The Woodson Center to Launch the
Center for the Study of Resilience
By Robert Woodson and Anthony Bradley
Why Understanding Resilience is Key to American Renewal
In Michael Crichton’s thriller The Andromeda Strain, a mysterious alien infection kills the inhabitants of an entire town. As two heroic doctors race against time to defeat the unknown pathogen, they focus on the two individuals who survived the initial infection: an elderly alcoholic and a six-month-old baby. In the end, the survivors’ unique qualities hold the key to defeating the infection and saving humanity.
If The Andromeda Strain had been written about the prevailing efforts to fight poverty and other social problems, the doctors would have spent the entire story studying the corpses of the dead. They would have carefully documented what the victims were doing when they became infected and described in endless detail what their bodies looked like after they succumbed to its ravages. These days, they probably would have investigated whether the plague killed the women a few seconds faster than the men or if people of color lived disproportionately closer to the initial outbreak.
No attention would be paid to the two people whose bodies had defeated the pathogen. We would be told they were such a vanishingly small minority that they could not be considered representative of the whole, and thus their experiences were solely anecdotal.
The problem with any institution devoted to “Poverty Studies” or something similar is that the very name denotes more interest in the disease than in the cure.
From virtue signaling on the left to moralistic preening on the right, few on either side demonstrate sustained curiosity about the unique qualities of the remarkable individuals who experience and then defeat poverty and its numerous associated challenges.
Yet the determination to overcome obstacles and solve problems instead of being defeated by them is a central part of the American character. Since the founding, the innovation and promise of limited government has depended on individuals and communities committed to self-government and thus self-initiated problem-solving. Our Constitution was designed for a barn-raising people, not for those who sit around complaining about the inequitable distribution of barns.
The most tried and true American mechanism for problem-solving is a thriving ecosystem of “voluntary associations,” first documented by Alexis de Tocqueville. Such emergent organizations of human effort built entire towns, addressed an endless variety of social problems, and, notably, enabled countless members of a formerly enslaved race to both survive and thrive in a time when much of the country remained largely hostile to their presence.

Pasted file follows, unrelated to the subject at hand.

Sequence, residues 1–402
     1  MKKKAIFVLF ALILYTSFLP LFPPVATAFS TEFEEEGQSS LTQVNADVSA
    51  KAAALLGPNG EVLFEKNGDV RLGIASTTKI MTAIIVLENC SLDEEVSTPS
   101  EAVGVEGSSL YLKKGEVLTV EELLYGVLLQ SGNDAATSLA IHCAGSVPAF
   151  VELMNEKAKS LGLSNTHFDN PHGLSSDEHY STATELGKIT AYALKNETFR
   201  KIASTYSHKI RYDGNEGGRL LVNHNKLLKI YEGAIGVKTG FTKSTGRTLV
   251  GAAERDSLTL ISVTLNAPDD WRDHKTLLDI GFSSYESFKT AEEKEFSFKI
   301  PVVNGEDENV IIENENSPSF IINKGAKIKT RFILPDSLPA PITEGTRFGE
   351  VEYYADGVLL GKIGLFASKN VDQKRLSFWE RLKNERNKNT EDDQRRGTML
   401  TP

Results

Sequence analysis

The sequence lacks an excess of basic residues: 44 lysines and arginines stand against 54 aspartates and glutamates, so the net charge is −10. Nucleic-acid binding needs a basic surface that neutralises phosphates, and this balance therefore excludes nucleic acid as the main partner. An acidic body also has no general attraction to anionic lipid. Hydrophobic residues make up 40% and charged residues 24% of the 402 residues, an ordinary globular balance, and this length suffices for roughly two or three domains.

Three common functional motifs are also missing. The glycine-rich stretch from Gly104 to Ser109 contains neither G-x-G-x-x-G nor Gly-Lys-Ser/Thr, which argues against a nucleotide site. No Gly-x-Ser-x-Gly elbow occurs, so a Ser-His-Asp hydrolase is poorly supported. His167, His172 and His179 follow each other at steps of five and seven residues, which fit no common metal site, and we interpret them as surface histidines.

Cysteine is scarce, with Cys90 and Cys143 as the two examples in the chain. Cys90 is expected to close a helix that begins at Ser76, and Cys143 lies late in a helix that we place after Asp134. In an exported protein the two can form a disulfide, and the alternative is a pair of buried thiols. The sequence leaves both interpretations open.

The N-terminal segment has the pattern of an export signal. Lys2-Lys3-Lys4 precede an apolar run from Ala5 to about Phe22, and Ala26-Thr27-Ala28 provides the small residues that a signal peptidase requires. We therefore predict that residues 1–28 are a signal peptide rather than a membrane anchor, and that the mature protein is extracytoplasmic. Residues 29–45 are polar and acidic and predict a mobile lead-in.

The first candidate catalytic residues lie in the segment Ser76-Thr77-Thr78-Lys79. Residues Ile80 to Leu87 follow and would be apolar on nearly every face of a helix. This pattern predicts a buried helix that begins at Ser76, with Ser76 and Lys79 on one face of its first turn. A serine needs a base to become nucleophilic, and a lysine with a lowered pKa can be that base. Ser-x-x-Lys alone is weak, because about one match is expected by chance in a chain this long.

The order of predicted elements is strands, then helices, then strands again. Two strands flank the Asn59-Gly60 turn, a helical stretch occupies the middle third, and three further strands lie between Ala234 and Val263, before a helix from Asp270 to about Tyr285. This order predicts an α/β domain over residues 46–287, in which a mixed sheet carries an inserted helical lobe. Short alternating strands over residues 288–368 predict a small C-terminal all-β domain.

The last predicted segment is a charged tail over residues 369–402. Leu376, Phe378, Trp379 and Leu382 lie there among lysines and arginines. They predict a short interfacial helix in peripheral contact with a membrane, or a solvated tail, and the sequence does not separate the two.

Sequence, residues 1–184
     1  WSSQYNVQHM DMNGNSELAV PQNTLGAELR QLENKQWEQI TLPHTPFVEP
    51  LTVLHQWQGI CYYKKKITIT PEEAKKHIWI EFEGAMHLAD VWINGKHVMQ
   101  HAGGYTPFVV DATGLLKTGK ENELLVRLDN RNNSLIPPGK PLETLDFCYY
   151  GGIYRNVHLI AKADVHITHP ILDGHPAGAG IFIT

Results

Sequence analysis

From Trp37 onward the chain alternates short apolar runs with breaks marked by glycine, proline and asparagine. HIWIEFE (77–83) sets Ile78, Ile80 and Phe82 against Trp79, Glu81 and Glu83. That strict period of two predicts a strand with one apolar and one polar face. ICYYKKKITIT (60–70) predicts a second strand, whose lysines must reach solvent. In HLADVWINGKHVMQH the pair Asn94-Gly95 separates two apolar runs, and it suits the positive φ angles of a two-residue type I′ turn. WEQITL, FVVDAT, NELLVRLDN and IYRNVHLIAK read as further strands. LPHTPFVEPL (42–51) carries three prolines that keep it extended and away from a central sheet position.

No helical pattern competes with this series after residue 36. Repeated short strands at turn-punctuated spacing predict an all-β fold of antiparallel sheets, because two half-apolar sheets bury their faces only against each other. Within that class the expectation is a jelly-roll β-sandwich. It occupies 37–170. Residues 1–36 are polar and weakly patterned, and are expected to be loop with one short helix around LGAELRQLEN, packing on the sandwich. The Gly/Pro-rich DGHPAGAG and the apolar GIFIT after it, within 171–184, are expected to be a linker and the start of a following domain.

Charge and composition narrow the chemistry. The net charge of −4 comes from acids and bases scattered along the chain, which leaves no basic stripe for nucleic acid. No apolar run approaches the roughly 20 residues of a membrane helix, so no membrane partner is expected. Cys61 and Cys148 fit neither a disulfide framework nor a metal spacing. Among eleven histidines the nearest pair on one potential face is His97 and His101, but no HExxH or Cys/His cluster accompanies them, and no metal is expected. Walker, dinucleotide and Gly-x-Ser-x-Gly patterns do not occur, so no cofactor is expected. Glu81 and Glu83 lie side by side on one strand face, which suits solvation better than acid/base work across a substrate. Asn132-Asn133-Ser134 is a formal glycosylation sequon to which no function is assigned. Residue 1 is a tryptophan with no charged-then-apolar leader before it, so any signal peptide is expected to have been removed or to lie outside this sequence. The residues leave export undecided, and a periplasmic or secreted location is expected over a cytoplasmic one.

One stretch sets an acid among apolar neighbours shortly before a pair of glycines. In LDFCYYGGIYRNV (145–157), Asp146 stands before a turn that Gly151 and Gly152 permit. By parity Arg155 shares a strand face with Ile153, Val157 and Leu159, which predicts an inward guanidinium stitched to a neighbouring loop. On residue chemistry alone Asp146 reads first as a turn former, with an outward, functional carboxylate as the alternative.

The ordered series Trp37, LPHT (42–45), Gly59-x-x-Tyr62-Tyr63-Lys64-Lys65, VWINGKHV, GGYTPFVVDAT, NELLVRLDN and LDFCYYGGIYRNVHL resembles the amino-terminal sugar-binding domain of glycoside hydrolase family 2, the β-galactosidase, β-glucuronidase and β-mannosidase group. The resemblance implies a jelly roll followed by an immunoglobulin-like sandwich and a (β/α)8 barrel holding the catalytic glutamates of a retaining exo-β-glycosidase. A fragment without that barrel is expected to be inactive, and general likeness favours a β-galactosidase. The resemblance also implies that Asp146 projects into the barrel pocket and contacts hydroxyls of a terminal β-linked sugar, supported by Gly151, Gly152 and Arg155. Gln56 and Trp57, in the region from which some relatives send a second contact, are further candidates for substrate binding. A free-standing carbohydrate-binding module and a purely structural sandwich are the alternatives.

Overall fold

For at least 50 years, a viable framework for solutions to the supposedly intractable problems of upward mobility and race has been readily available. AEI’s To Empower People (1977 and 1996) demonstrated the central role that Tocqueville’s human-scale mediating structures play in upward mobility. And the rich history of such institutions’ role as the engine of upward mobility in the black community would speak for itself, if anyone would listen.
Sadly, the overwhelming majority of researchers, policy makers, journalists, academics, and politicians have not listened. Universities and think tanks of all ideological perspectives remain fixated on viewing lower income Americans, and black Americans in particular, through the lens of pathology and assume that the only mechanism of positive change is top-down, “professional” intervention. This tendency to discount agency and self-efficacy of low-income Americans is exacerbated today by the notion that the American polity is hopelessly and thoroughly racist, and that “victimized” individuals and communities stand no chance of success unless massive — and extremely unlikely — revolutionary changes are pursued. No doctrine could be more antithetical to the promise of resilience.
That is why the Woodson Center is launching the Center for the Study of Resilience, to house our 40 years of work with lower income communities, to serve as a virtual repository for the courageous, important, and under resourced resilience research scattered across the country and the world, and to give voice to those grassroots leaders whose work and experience holds the key to the next era of making neighborhood renewal and upward mobility a reality in every corner of America. The center focuses on the principles and methodologies that allow people to succeed and thrive in the face of obstacles, adversity, and tragedy.
The Center for the Study of Resilience will collect both stories and data, working to tease out the causal variables of thriving while keeping the human person at the center of the conversation. It will work to fill gaps in the important and underfunded research being done on resilience across multiple disciplines, while also closing the considerable divide between those who do such research, those who talk about such issues, and those who actually live out resilience on a daily basis.